Calls for higher taxes in Michigan — on top of the state’s fettered economy — will send more Michigan residents packing. Many of them, statistics show, will end up in Texas.
By MICHAEL D. LaFAIVE
Since 2000, Michigan lost 540,750 residents to interstate migration (though the state’s overall population rose slightly due to other factors).
In contrast, Texas added 848,702 residents through interstate migration. The meaning of these numbers cannot be overemphasized: There is perhaps no better single measurement of an area’s quality of life than migration.
The Lone Star State has become one of America’s premier “destination” states, while Michigan has become the country’s classic “departure” state. If Michigan once again raises its taxes, as Gov. Jennifer Granholm proposes, it will only continue to feed Texas’ success.
A key factor driving these migration patterns is economic liberty, as several studies have found in recent years. The Pacific Research Institute in California created an index that contains 143 different variables designed to measure economic freedom. The institute’s most recent report (2008) ranks Michigan the 43rd economically freest state and Texas the 31st. The study’s authors conducted a statistical analysis of state-to-state migration and showed that this migration is correlated with their index of economic freedom.
The American Legislative Exchange Council in Washington, D.C., has published a “Competitiveness Index” for each state based on 15 policy variables, such as income and corporate taxes, tax progressivity, and right-to-work protections. Based on these metrics, the authors created economic outlook and economic performance rankings. In the 2009 version, Michigan’s outlook ranked 34th, and Texas’ ranked 10th. Texas’ economic performance took the No. 1 position, and Michigan’s came in dead last. This, too, supports the link between economic freedom and migration.
People move to Texas from all over. When we shift the focus to specific pairs of states, Florida remains the top migration choice for outbound Michigan residents. According to Internal Revenue Service data, a net total of approximately 68,000 Michiganders moved to the Sunshine State between 2000 and the end of 2008. Texas ranks second for outbound Wolverines. From 2007 to 2008, 12,748 of our fellow residents moved there, while 5,272 Texans came to Michigan, for a net outflow to the Lone Star State of 7,746.
The IRS data can actually be broken down by county. The gross outflow from Michigan’s three biggest counties to Texas appears to have increased dramatically. For example, the number of people moving from Macomb County to Texas increased from approximately 200 between 2003 and 2004 to 748 between 2007 and 2008, a 274 percent difference. Their most frequent destination was the Dallas/Fort Worth area. For people from Oakland and Wayne counties, the Texas county of Harris, which includes Houston, was the most popular.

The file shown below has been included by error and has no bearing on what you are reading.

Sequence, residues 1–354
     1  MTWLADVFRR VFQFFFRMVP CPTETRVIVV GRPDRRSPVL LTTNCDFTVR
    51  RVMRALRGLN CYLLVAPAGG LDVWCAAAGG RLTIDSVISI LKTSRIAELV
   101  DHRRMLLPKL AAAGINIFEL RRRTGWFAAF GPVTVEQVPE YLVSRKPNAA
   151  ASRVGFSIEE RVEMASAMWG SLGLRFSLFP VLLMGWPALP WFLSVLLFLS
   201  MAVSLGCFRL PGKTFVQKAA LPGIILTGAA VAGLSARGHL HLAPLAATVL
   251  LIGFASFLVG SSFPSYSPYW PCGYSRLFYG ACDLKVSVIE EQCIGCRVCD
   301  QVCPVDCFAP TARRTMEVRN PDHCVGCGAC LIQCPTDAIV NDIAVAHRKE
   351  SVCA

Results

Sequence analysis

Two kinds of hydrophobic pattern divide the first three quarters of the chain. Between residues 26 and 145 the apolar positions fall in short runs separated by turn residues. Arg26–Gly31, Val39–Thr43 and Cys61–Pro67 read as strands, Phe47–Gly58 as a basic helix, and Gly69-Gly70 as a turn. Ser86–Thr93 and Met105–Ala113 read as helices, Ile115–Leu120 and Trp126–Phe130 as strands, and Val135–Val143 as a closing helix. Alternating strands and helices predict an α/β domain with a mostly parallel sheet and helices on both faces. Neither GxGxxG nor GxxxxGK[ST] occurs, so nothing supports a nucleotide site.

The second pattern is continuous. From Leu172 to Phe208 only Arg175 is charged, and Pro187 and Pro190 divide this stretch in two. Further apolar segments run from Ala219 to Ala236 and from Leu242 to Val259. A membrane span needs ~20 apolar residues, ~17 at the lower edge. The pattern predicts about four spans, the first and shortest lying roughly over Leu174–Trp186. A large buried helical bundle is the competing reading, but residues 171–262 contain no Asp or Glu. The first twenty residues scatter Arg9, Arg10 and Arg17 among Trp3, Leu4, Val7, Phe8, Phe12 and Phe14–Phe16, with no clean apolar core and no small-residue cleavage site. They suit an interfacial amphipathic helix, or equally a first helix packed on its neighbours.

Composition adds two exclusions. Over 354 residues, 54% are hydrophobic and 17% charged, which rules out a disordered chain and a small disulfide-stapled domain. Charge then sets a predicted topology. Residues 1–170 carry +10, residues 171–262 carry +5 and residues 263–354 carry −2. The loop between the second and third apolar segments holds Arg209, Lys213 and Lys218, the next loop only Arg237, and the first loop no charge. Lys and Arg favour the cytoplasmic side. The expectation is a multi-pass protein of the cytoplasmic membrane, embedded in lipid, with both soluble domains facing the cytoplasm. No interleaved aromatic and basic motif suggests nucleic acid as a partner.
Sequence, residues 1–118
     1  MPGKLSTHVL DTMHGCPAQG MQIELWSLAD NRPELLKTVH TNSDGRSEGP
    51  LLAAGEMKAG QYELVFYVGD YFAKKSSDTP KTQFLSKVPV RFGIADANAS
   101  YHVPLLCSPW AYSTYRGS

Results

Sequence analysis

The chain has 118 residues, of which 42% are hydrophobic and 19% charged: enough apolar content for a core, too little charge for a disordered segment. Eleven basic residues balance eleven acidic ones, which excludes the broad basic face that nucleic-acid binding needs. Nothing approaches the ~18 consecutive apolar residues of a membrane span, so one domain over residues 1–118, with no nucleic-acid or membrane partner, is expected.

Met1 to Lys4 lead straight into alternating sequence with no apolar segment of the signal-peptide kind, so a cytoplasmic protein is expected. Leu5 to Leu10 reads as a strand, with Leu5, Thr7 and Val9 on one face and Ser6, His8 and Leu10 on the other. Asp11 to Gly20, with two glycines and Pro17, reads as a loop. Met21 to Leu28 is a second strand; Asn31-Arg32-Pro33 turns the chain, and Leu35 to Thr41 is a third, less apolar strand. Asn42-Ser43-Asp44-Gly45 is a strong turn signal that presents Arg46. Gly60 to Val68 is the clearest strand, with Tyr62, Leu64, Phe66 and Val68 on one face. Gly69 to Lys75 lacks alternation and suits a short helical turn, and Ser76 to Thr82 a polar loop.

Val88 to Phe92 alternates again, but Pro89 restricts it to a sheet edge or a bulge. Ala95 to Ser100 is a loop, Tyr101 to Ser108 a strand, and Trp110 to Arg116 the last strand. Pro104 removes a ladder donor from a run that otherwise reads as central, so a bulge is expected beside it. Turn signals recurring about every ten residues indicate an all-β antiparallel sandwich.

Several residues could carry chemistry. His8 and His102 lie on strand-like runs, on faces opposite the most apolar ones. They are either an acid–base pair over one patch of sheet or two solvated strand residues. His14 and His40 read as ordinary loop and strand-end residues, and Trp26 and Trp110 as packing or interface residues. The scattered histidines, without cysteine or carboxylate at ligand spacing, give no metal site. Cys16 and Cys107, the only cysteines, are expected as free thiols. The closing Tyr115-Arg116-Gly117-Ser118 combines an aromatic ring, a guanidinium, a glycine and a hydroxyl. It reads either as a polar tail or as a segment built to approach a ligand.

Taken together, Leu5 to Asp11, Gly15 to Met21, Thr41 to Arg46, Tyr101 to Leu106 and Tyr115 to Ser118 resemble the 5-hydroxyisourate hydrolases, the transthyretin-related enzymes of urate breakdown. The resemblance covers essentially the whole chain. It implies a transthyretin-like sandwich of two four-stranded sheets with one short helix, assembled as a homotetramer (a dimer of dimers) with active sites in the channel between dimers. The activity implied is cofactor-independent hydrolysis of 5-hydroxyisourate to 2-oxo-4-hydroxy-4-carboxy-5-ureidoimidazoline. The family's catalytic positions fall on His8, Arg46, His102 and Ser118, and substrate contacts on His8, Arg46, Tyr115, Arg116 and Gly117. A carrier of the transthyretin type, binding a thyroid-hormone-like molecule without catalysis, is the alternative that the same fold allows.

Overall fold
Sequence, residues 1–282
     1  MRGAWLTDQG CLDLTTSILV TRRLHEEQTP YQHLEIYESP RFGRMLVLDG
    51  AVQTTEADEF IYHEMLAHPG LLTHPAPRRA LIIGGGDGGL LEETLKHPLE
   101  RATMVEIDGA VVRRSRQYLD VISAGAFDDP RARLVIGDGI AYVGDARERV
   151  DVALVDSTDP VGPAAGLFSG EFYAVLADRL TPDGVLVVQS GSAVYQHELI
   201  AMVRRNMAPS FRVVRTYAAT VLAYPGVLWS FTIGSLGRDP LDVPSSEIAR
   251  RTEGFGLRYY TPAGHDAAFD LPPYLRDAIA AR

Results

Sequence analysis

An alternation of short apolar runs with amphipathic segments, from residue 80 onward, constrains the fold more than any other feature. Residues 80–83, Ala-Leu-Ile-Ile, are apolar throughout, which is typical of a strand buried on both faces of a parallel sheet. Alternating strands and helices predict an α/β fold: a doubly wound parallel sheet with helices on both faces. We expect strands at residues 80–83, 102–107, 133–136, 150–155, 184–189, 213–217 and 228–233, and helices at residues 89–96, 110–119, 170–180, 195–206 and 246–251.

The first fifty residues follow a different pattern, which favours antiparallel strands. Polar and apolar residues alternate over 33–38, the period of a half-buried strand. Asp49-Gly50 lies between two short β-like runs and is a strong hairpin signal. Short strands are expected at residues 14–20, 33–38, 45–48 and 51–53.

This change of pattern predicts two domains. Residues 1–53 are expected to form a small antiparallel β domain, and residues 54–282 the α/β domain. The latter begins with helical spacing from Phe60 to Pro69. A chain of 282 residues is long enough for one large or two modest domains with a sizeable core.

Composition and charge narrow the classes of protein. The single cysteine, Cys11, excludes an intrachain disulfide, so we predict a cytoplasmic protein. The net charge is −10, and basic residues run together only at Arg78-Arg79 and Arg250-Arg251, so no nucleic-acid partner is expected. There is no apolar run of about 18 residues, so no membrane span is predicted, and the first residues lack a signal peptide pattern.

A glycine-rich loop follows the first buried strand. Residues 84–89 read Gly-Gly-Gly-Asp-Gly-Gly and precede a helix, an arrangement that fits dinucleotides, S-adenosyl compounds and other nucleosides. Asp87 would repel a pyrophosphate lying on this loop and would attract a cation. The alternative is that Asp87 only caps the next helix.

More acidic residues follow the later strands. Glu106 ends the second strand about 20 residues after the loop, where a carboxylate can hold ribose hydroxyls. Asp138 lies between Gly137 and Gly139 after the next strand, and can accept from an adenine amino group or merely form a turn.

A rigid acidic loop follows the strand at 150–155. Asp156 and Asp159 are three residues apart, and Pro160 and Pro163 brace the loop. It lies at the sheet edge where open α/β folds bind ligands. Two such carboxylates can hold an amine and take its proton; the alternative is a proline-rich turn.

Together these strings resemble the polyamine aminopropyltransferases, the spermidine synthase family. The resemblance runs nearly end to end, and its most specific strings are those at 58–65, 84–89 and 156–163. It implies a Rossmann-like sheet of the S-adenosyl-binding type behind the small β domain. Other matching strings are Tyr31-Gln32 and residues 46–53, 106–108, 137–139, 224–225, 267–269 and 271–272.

Does other research back up the theory that economic opportunity is why so many people vote with their feet? Over the past decade, migration economists have narrowed their research to a number of key determinants, among them taxes, welfare, weather, unemployment rates and labor markets, including wages.
Several scholarly studies have shown empirical links between these variables and American migration patterns. The Mackinac Center’s own migration study — authored by adjunct scholar Michael Hicks — found that nationwide, people are moving to states with lower taxes, more flexible labor climates and more days of sunshine.
Specifically, Hicks discovered that for every 10 percent increase in personal taxes, Michigan loses 4,900 people every year thereafter. So, the 11.5 percent personal income tax increase the Legislature imposed in 2007 has already driven more than 10,000 people out of Michigan.
By contrast, Texas has no income tax. This would be a distinct advantage even if its overall tax burden was higher than Michigan’s, but in fact it is lower. The Tax Foundation, based in Washington, D.C., reports that in 2008, Texas’ state and local tax burden ranked 43rd in the nation — one of the very lowest — while Michigan’s was 27th.
Of course, taxes are just one variable. Michigan’s hostile labor climate and regulatory regime are also adding to a lack of opportunity that’s chasing people away. Still, this is the backdrop against which Michigan now faces a new round of demands for tax increases, including Granholm’s call for a $900 million hike over three years. Such an increase could be good news for Texas, but bad news for Michigan.
(Michael D. LaFaive is director of the Morey Fiscal Policy Initiative at the Mackinac Center for Public Policy, a research and educational institute based in Midland.)